“Mr. Bezos and his associates deliberately promoted a Hollywood-sized misdirection, with spies and political conspiracy extending all the way to the White House and Saudi Arabia,” wrote Jenkins. “If this doesn’t remind you of the Steele dossier, perhaps it should. Except that the instrument for making these speculations publishable was not the FBI; it was Mr. Bezos’ own Washington Post. Never mind that the only real lead Mr. Bezos’ agent provided to the paper concerned the possible role of Ms. Sanchez’s pro-Trump brother. If so, means and motive were complete: It was unnecessary to speculate about Donald Trump and the Saudis—a filigree spun on top of the tawdry facts to distract and excite the media.”
While Jenkins did not defend “the kind of journalism that National Enquirer does,” and said he does sympathize with Bezos because he had his privacy invaded, Jenkins said we cannot abandon The First Amendment in this case.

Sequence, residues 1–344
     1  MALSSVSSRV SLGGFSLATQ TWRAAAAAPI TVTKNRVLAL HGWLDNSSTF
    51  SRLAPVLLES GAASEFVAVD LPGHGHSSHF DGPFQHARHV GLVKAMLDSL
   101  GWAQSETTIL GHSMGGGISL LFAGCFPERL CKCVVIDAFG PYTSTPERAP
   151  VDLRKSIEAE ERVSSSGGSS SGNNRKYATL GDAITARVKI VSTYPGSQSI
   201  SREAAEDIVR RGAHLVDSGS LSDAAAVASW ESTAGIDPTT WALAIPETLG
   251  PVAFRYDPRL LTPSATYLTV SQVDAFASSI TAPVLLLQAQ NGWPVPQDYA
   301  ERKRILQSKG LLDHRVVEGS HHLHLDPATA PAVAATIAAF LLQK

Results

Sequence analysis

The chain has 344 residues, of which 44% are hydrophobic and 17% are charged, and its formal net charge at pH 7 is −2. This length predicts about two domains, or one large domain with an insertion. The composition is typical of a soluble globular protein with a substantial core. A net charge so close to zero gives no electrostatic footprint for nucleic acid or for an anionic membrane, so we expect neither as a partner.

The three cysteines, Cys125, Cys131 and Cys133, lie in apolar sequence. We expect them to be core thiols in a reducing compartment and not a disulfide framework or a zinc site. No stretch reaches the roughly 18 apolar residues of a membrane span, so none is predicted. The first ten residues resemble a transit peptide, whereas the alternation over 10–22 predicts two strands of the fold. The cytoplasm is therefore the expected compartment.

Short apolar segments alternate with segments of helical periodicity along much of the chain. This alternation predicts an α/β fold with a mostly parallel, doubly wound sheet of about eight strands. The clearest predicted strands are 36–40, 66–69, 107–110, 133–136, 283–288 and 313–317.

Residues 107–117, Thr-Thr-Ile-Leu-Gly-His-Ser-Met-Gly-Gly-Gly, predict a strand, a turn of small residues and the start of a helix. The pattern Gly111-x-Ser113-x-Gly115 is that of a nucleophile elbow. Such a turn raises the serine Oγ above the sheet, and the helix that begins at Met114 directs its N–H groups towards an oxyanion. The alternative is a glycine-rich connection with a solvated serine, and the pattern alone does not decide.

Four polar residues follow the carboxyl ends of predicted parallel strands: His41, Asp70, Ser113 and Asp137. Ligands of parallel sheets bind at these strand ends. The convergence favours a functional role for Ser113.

“Mr. Bezos’ interest seems self-evident to me: Injecting the Trump-Saudi red herring draws attention away from his own carelessness and that of Ms. Sanchez,” Jenkins wrote. “After all, being a hero of the anti-Trump resistance, especially when Amazon lately has been vilified from the left, is better than being the chump starring in a garden-variety case of rich-guy infidelity … I also know what I don’t know. Our press seems increasingly helpless in the face of evidence-free red herrings aimed at its erogenous zones. See the widely circulated email in which Bob Woodward uncritically associates himself with Mr. Bezos’ narrative. The incentive to participate in other people’s idealized self-images is well-known in psychology. Journalists should guard against it.”